/ 1 July 2021

Q&A: What’s driving the protests in Eswatini?

Africa’s last absolute monarchy is experiencing its worst unrest in years

Protests against the king of Eswatini, Africa’s last absolute monarch, turned violent this week. Some buildings connected to King Mswati III were torched by protesters, and police have reportedly been assaulting and arresting political opponents. Activists say that at least eight people have been killed and dozens more injured and detained. The government has shut down the internet — with the compliance of mobile providers MTN and Eswatini Mobile — which makes it difficult to access reliable news from the country.

To understand what’s going on, the Mail & Guardian spoke to Martin Zweli Dlamini, the editor-in-chief of Swazi News, an online news site. Dlamini has himself been persecuted by the Eswatini government for his reporting, and has twice had to flee into exile in neighbouring South Africa.

There were reports earlier this week that King Mswati III had fled the country. Is this true?

We received those reports. But the government later released a statement that the king had not fled the country. But by now the king should have addressed the country to prove that he is here. Instead, we saw his first-born daughter [Princess Sikhanyiso Dlamini] addressing the country, which raises questions. We had expected the government to ask the king to address the nation if it is true that he is in the country.

Can you describe the protests that are happening now?

The protests are somehow chaotic. We are seeing the burning of government properties, and properties of companies associated with the king. The king holds shares in big companies in Eswatini, so protesters seem to be targeting those properties. We are seeing soldiers unleashed on unarmed civilians: they are going round the rural areas beating citizens in their homes.

What’s driving the protest movement?

The protest manifested after three pro-democracy MPs advocated in parliament that this country should be ruled under a democratic government. These MPs asked the government that they at least elect their own prime minister [currently, the prime minister is appointed by the king]. They were suggesting a constitutional democracy, in which the king would be outside politics.

After those submissions in parliament, citizens in other constituencies started delivering petitions around the country, urging other MPs to discuss these issues. After seeing that the momentum was growing, parliament banned the delivery of petitions. So, somehow, they were banning freedom of expression, and then that manifested into chaos.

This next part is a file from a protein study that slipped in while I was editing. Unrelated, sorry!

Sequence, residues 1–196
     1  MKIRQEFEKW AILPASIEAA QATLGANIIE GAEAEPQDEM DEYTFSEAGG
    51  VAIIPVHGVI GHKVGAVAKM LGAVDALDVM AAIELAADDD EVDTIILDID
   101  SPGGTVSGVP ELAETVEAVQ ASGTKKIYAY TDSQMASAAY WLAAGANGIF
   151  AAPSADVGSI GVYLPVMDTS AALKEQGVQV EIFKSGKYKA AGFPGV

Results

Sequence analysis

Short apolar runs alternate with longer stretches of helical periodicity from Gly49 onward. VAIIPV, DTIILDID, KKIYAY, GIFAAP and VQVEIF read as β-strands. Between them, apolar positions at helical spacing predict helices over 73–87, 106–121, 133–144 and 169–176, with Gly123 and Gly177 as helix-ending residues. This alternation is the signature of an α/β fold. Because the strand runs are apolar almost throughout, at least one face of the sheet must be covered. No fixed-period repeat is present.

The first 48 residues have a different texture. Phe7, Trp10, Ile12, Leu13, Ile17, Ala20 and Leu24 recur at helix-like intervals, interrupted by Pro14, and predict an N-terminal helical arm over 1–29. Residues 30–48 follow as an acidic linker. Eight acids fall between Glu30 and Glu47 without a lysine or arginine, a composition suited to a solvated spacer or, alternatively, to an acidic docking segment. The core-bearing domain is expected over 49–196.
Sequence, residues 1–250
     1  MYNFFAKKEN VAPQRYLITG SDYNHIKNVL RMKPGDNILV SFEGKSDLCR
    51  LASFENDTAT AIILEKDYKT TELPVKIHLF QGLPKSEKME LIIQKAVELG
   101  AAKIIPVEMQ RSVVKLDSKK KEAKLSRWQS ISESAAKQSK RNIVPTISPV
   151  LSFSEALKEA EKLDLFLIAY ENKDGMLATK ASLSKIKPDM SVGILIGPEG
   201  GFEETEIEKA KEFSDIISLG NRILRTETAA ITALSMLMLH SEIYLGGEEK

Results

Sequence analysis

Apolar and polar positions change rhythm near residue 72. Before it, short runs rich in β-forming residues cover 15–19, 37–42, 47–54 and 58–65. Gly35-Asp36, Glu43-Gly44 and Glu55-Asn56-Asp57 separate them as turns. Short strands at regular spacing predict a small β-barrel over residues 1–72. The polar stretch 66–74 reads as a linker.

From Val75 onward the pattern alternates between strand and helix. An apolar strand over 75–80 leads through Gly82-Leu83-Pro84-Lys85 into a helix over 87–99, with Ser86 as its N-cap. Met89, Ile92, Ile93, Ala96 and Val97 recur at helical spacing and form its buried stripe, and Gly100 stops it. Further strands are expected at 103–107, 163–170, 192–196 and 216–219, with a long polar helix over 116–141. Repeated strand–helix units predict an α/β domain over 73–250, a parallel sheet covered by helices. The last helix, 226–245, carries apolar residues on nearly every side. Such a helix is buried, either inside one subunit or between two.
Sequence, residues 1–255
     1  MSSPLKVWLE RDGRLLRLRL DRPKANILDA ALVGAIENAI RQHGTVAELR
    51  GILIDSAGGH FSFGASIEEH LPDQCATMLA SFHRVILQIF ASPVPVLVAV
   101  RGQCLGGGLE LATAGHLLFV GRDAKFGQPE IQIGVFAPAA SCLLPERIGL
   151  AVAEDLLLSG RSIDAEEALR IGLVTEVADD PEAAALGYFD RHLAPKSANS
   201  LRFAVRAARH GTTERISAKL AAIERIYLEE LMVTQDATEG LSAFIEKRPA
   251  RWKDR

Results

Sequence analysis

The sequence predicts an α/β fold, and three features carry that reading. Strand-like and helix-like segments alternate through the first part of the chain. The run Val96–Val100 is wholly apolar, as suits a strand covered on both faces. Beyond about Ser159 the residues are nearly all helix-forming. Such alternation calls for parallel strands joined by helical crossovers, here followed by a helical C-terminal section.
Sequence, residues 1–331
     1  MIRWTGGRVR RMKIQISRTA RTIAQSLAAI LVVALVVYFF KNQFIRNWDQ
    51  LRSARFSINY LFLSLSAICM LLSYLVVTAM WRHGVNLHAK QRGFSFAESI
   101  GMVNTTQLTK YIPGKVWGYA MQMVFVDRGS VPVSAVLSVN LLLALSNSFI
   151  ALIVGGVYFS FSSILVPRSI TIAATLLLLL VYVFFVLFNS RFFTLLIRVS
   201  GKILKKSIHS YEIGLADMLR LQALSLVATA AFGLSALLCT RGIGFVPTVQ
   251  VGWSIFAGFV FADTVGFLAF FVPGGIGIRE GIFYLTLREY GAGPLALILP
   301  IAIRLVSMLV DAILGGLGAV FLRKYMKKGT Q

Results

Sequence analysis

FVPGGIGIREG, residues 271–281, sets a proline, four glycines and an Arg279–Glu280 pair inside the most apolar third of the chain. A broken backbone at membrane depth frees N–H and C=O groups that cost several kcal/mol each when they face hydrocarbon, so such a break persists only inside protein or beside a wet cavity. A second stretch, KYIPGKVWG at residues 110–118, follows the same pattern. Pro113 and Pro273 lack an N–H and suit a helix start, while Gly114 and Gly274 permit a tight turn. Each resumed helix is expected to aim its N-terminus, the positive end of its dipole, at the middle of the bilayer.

The monarchy has overcome protests movements before. Is this time different?

This time is different. What is happening right now [is that] we have about 80% of the population living below the poverty line. In the midst of that unfortunate situation, the king is living an extravagant lifestyle. People now understand that their problems are caused by the king and his government. So people are demanding that the king step aside. And this time the protesters seem to mean business.

The king has always lived an extravagant lifestyle. What’s changed?

What actually happened is with the emergence of independent media. In 2017, the government began shutting down newspapers that were critical of the king’s government. But with the emergence of independent online media, it is becoming impossible for the government to censor information online. As Swaziland News, we are able to give people as much information as possible with regard to what’s happening with those in power. So people are informed. They discuss the news. And now they are holding the powerful to account — that’s what we see is happening now. These people are now empowered in terms of information.

How are you able to do your job as a journalist with the internet shut down?

It’s extremely difficult, because we use the internet to connect with our sources, and communicate through secure platforms. Now you are forced to call the direct line, which is not safe, considering that some governments, especially the Eswatini government, trace who you are speaking to. [It is] particularly [unsafe] because we rely on sources to do our job. But we are trying, because this is not a normal situation: we need to produce information in the midst of this chaos.

What’s going to happen next?

I think the decision by the government to shut down the internet and ban the delivery of petitions will escalate the protests. These decisions confirm to the people that it is an oppressive government.

But we appeal to the international community to assist the people of Eswatini at this time. As we speak now, we might see a situation in which people will be starving because trucks are being blocked from delivering goods to Eswatini. We are seeing a situation in which people are in urgent need of humanitarian aid.